The status activity of a volcano is best communicated in a succinct manner to inform decision makers. To assist with this, the international aviation community has established a four-level colour code chart for quick reference to indicate the general state of a given volcano (Table 1). The colour code identifies the state of the volcano (i.e. unrest vs. eruption) but is not intended to represent the status of distal ash in the atmosphere (Guffanti and Miller 2013) or to represent risk to aviation or to people and assets on the ground.

Table 1 ICAO Aviation Colour-Code

While the international community has developed the colour-code system, it should be noted that, for various reasons, these codes are not assigned to all volcanoes. While an international standard, the colour code is currently only formally used by the United States, Russia, New Zealand, and Iceland. The reasons for this vary, but most States not using the colour code indicate difficulties in using international systems in parallel with their own locally accepted and appropriate alert levels for ground hazards. It is also recognised that different colours are associated with adverse situations in different cultures and ethnicities.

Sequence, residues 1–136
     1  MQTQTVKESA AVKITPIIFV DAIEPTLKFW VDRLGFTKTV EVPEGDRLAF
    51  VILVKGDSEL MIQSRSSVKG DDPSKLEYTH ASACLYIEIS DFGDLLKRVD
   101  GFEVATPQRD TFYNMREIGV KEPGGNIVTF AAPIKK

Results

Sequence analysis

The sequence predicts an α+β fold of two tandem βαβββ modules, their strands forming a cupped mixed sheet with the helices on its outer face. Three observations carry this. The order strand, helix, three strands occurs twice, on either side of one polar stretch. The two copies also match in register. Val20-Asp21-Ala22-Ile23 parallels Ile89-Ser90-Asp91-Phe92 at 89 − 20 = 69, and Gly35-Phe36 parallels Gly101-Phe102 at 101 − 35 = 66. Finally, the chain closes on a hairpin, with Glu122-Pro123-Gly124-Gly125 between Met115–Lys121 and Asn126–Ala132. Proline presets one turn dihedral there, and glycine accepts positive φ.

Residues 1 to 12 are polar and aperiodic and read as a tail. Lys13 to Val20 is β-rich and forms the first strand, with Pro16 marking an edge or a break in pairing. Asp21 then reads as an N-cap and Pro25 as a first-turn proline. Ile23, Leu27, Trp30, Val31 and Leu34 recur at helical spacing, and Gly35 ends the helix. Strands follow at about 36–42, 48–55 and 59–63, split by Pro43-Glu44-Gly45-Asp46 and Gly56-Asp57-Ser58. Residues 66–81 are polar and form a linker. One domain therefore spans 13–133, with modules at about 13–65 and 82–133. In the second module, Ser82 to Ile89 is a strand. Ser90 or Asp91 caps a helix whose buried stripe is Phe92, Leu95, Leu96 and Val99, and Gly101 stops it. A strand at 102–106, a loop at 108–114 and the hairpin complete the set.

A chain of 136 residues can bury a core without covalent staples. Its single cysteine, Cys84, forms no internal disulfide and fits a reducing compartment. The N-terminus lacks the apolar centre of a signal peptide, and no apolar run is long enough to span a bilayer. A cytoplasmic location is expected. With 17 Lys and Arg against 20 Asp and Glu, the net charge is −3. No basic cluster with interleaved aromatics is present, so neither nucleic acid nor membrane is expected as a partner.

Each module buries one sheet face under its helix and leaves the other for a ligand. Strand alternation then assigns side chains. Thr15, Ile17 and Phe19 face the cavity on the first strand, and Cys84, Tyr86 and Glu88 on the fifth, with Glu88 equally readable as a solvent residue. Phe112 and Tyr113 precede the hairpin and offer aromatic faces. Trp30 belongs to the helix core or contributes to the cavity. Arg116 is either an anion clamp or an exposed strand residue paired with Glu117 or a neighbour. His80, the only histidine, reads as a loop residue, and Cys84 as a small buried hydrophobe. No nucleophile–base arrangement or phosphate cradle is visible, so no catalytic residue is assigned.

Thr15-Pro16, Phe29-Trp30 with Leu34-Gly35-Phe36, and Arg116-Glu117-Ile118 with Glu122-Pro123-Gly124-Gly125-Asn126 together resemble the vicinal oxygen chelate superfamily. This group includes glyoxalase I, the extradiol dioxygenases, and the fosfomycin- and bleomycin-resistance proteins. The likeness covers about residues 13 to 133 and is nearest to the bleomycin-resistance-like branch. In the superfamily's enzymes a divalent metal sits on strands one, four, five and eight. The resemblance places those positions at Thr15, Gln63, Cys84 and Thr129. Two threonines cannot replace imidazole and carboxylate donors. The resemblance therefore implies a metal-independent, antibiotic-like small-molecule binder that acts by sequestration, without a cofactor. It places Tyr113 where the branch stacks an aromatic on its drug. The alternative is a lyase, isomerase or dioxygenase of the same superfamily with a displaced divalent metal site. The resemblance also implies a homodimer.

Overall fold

In 2008, the IAVW Operations Group introduced a new message format to assist volcanologists in the timely provision of information on the state of a volcano to support the issue of volcanic ash advisories by VAACs, the issue of SIGMET information by Meteorological Watch Offices, and the issue of NOTAM for volcanic ash by Air Traffic (Control) Services. This especially formatted message is referred to as Volcano Observatory Notice for Aviation or VONA (International Civil Aviation Organization 2014a, b). The VONA (or something similar based on discussion and agreement on a case by case basis between the specific agencies involved) is expected to be issued by an observatory when the aviation colour code changes (up or down) or within a colour code level when an ash producing event or other significant change in volcanic behaviour occurs. Two-way discussions are essential between volcano observatories and aviation information providers about the observations and information needed during eruption, formats required, challenges and limitations, as well as an explanation as to how the information will be used and who will receive outputs. For example, the Icelandic Met Office (Iceland’s volcano observatory) and the UK Met Office (through the London VAAC) have established a specific format co-designed to suit volcano observatory operating capacities, VAAC needs, and reflect joint experience (Webster et al. 2012). The VONA is a good starting point for such discussions.